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8 Questions You Should Ask Your Doctor About COVID-19

Use this checklist to keep yourself healthy during the pandemic.
Back view of woman making video call with her doctor while staying at home. Close up of patient in video conferencing with general practitioner on digital tablet. Sick girl in online consultation.

You may be reticent to call your doctor during the coronavirus pandemic because they're busy tending to the neediest cases—or, alternately, you're calling them every day, worried about your health. Either way, it's important to know what to ask them, so you can cut right to the chase. Every second counts. Here are the top 8 questions to ask your doctor about COVID-19.

1

Am I experiencing symptoms of COVID-19?

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Knowing whether you have the coronavirus—or just a common cold or allergies—is key to staying healthy. The CDC lists the following as common symptoms of COVID-19:

  • Fever
  • Cough (notably, it's usually a dry cough)
  • Shortness of breath

And they add: If you develop emergency warning signs for COVID-19 get medical attention immediately. They include:

  • Trouble breathing
  • Persistent pain or pressure in the chest
  • New confusion or inability to arouse
  • Bluish lips or face

If you feel any of the above, discuss them with your medical professional. "This is crucial and must be discussed with your doctor. It's most important for the sake of not spreading the disease to other people," says Dr. John Packer of AICA Orthopedics. And to be extra sure, don't miss this list of 13 Early Signs You've Caught Coronavirus.

2

How likely am I to get COVID-19?

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"Patients need to understand and ask their doctor about how susceptible they are to the coronavirus as well as their risk level," says Packer. "The doctor can pull a detailed patient history and can be alarmed of compromising conditions in relation to COVID-19." Those conditions could include your environment (who you interact with, where you live) or pre-existing medical issues (like cancer or heart disease), which can make the virus more damaging.

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3

What should I do if I think I have COVID-19?

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Ask your doctor about the best course of action. "If a person (on a scale of 1-10) thinks they have it but showing level 1-3 symptoms, perhaps they should stay home, stay isolated, etc," says Packer. "For a patient who's experiencing difficulty breathing (scale 5-10), they need to know how to act" and may need more urgent help. 

4

Should I get tested?

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Although there is no cure for COVID-19, knowing whether or not you're infected is important because you don't want to spread the disease to others. Testing in certain cities is very difficult to find—cases in New York City, for example, are prioritized by the state of your condition and doctors' orders. So contact your doctor to ask if you need one. In many cases, they might tell you to just stay home, where it's potentially safer than going outside.

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5

How can getting tested for COVID-19 affect my medical care?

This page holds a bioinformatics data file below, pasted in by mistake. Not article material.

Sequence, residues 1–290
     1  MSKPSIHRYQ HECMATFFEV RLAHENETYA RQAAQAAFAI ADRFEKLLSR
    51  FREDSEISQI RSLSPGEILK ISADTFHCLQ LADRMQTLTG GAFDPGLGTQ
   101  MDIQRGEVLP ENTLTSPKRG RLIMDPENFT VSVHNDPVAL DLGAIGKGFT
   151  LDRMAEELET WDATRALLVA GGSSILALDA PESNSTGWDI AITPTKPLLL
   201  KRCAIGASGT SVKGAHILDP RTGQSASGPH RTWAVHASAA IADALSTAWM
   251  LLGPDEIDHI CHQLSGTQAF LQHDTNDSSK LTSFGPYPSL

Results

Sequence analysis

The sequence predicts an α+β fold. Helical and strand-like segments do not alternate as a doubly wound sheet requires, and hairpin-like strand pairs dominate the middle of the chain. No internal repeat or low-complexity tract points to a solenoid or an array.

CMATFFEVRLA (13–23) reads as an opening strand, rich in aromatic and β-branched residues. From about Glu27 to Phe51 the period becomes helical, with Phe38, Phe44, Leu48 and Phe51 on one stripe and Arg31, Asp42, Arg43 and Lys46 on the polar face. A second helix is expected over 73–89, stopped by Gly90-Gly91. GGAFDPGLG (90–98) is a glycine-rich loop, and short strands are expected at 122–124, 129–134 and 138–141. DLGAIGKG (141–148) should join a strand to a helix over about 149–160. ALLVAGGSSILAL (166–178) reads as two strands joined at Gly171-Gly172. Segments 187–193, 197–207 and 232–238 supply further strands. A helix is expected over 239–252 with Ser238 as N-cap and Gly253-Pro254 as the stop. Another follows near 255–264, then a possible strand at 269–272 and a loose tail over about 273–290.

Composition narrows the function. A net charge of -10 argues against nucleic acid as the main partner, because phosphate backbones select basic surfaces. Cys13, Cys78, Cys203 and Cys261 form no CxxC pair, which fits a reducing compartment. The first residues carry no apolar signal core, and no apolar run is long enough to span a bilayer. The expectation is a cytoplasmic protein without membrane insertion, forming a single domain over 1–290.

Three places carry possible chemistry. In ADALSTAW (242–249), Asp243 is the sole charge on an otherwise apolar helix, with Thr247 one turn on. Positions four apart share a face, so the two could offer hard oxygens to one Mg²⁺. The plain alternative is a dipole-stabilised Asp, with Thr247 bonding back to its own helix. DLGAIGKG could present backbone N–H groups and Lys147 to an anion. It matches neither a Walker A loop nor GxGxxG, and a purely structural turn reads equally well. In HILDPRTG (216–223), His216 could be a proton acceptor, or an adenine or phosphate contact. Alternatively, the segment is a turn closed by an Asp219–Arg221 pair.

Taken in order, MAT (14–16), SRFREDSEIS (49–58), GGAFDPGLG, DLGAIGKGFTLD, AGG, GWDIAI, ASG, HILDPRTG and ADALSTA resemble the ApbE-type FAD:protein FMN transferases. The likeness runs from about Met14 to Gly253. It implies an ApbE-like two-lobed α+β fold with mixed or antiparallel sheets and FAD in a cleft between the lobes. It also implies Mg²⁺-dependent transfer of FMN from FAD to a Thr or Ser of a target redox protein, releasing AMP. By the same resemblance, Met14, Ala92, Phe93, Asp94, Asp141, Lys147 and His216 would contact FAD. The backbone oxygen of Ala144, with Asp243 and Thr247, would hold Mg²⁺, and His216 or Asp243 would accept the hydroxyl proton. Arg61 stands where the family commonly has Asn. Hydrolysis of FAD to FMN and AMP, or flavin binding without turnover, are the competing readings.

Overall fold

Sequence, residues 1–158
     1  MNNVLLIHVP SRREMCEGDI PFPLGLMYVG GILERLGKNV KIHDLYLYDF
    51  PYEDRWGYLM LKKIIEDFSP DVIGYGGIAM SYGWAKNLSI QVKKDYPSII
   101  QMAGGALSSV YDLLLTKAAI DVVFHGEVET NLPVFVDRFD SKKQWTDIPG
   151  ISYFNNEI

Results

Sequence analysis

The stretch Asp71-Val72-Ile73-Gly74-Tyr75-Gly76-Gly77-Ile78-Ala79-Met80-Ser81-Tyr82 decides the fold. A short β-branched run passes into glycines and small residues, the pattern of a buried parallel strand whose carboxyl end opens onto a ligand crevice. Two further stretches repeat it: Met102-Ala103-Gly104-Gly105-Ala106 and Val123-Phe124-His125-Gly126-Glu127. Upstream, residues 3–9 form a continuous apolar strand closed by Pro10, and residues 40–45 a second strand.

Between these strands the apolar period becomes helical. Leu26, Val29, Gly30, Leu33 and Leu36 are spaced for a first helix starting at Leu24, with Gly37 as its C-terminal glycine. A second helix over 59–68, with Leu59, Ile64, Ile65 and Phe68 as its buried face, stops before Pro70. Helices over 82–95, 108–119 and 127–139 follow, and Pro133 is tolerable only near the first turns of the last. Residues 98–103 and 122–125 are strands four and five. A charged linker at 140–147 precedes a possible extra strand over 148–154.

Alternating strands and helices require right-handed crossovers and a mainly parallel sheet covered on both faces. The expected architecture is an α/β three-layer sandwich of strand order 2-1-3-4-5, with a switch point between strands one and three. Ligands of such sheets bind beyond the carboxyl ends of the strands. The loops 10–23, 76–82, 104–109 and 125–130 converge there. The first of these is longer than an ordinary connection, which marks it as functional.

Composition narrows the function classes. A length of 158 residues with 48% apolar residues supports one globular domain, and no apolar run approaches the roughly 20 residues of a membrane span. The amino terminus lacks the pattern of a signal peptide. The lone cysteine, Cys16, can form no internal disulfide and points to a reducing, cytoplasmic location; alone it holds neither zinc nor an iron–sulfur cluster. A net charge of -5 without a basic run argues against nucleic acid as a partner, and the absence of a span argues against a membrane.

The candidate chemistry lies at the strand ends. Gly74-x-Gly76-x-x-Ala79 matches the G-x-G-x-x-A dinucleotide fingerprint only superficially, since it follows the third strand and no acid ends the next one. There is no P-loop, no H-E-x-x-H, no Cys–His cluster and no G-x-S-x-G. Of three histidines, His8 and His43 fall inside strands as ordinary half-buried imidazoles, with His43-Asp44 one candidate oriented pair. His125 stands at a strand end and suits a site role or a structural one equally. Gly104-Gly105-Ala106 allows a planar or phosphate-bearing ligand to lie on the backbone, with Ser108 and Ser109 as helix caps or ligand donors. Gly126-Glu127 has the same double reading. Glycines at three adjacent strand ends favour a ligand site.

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"In addition to the exposure that can occur while waiting to be tested, having a test done makes someone a 'person under investigation' until the results return. While on PUI status, and among those ultimately testing positive, access to other care can be severely limited," says Dr. Lili Barsky. "For those who have known heart, lung or other chronic diseases, it is important to discuss the risks and benefits of having testing done and how it could potentially influence the management of their other conditions."

6

Should I be worried?

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"If you have chest pain, difficulty breathing with fever and cough, seek medical care," says Dr. Janette Nesheiwat, family and emergency doctor. "The symptoms of coronavirus may be mild but for some they can be critically life-threatening." Getting your doctor's opinion can help plot your next steps—and/or offer comfort.

7

 Can you please make sure I have enough medication refills at the pharmacy?

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"For patients with chronic illness on critical medications, it is essential both to ensure an adequate supply of these medications and also minimize the number of pharmacy visits they have to make to reduce the risk of exposure," says Barsky. "This can be accomplished if they ask their doctor to prescribe a large number of medications whenever possible, and ideally with refills. Note that this option may not be available for all medications." Additionally, find a pharmacy that delivers, so you don't need to leave the house.

8

What treatments are you seeing that are effective?

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Every day, doctors are learning something new about how to combat COVID-19. Although you don't want to waste their time peppering them with questions better asked over a beer, it is appropriate to inquire what forms of treatment they've seen alleviate pain and discomfort. Without a cure, they cannot guarantee your coronavirus will "go away," but they can share their findings and work with you to find relief.

And to get through this pandemic at your healthiest, don't miss these 40 Things You Should Never Touch Due to Coronavirus.

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Emilia Paluszek
Emilia specializes in human biology and psychology at the University at Albany. Read more